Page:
Below I list some examples of how I’ve carried on in the spirit of physics’ category rationalisation. In some ways this represents a kind of sketched out manifesto summarising the drift of my thoughts and the “policies” I’m working on. These “policies” have been filled out to a lesser or greater degree and I provide links to related articles giving more details.

Category rationalisation 1:  Human beings are goal seeking systems. 

I introduced the idea of “goal seeking systems” during a written discussion I was having with Jim Harries. As Jim Harries has made me aware Western Christians have theologically slanted their goal seeking toward the dual goals of social development and the afterlife whereas Africans slant it in favour of the single goal of prosperity teaching. Nevertheless, in spite of this big cultural difference there is the obvious underlying shared universal, namely goal seeking. Whether pertaining to the afterlife, hocus pocus magic, prosperity teaching or just plain old commercial goals, Westerners and Africans are both involved with goal seeking; it is a cross cultural universal. In both cases actions are being carried out now with an eye to the future; Viz: sacrifice and work now for a return on the “investment” later; and by “sacrifice” it could be literal! (unfortunately!).  Goal seeking may be either carried out with some consciously conceived aim or the goal seeking system is set up in such a way that when it stumbles across the “goal” it selects it. The teleology of goal seeking is, I propose, a necessary (but not sufficient) condition of intelligence. The concept of goal seeking is pivotal in what follows here.  In my last point below I introduce the radical but tentative idea that the cosmos is an intelligent computation in as much as it shows evidence of having a declarative structure  as opposed to an imperative structure.

While on the commonalities of Africans and Westerners let me also mention, as I hope the following will make clear, both Westerners and Africans engage in the epistemic activity of narrative creation in order to give sense to their otherwise very variegated experiences .

Category rationalisation 2: The elimination of language processing as a distinct cognitive category. 

If I’m right in my simulation models of association then language is just a (very) tweaked version of a general cognitive learning ability which is capable of bringing experiences (in this case experience of symbols) into a weighted association.

Category rationalisation 3: Elimination of the empirical vs metaphysical distinction. All things are at once both empirical and non-empirical.

In its most general form theorising is a case of weaving our diverse experiences together with a unifying sense-making narrative; this is true of both:
a) Low level formal science which deals largely in bits and pieces and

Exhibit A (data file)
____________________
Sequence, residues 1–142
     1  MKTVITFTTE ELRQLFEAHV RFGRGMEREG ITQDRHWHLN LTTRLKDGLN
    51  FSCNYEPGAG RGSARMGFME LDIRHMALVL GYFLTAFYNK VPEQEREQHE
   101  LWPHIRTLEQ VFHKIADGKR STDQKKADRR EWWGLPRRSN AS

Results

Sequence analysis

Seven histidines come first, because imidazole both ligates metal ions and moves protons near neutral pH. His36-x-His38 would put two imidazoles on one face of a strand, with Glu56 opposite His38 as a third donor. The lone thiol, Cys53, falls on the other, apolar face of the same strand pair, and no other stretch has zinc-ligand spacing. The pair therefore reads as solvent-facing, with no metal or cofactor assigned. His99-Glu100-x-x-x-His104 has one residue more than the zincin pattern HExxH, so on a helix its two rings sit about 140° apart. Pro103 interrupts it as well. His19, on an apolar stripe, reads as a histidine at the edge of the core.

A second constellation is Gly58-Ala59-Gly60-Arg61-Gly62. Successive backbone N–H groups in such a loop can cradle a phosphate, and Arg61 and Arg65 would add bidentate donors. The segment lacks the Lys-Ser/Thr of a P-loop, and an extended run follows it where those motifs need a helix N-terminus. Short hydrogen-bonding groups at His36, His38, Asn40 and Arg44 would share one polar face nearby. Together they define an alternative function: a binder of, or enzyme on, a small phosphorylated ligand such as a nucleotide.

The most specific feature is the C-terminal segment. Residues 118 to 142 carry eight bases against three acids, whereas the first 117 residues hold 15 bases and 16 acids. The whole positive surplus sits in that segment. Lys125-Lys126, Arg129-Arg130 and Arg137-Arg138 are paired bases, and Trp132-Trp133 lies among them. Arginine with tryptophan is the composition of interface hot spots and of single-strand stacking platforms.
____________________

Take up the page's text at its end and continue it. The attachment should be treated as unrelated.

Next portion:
b) The high-level activity of all-embracing world view synthesis, an activity which tends to be informal, seat of the pants and often carried out unconsciously.

The difference between these two epistemic activities is not one of fundamental distinction but one of degree: Science tends to be a very disciplined, formal and highly conscious self-critical activity confined to elementary low level objects with regular behaviour like springs and precipitates. Worldview formation is far more informal, tries to boil down huge intricate nutrient beds of experience and incorporates them into complex “mythological” sense-making narratives. One other difference is that science endeavours as far as possible to engage in a prediction-test coupling in order to cross check its narratives – but this is not always possible even in science – String Theory is an example; we are told that it does a good job of making post-facto sense of things, but it has yet to pass the test of prediction. World view synthesis, because of the complexity and epistemic intractability of its subject matter, tends to be a post-facto sense making activity and doesn’t readily make predictions.

Nevertheless the general idea behind both formal science and world view synthesis is that in both cases theoretical narratives are used in an attempt to join the dots of experience. The upshot is that in one sense every theoretical concept is observable in as much as it attempts to make sense of experience.  And yet in another sense nothing is observable: This is because we do not directly observe the constructions that our minds place behind the data dots of experience; rather those experiences only effectively sample the theoretical objects they purport to manifest. This is true of simple objects like Hooke’s law right through to the most complex baroque conspiracy theory – both activities involve data dot joining, although it has to be said that in this extreme example these activities are of very different levels of rigor, consciousness, self-awareness and self-criticism.

So the pertinent questions revolve not round whether an object is metaphysical or empirical, but rather questions about the epistemic quality used to construct the narrative which links the data dots of experience.

For more, see the side bar of my blog which is entitled The Ideas-Experience Contention and see also here:

In many ways the foregoing is effectively eliminating the science vs. non-science distinction; all epistemic endeavours have both an empirical and metaphysical element. 

The difference between scientific knowledge and other knowledge consists not only in differences of the formality and rigor of the epistemic technique but also in the regularity, order and complexity and of the phenomenon studied.  Springs and precipitates are low level, very regular and therefore very amenable to formal scientific epistemology. In contrast world view synthesis grapples with complex and highly erratic experiences and consequently can’t be expected to return synthesizing narratives with anywhere near the authority of the elemental objects delivered by science.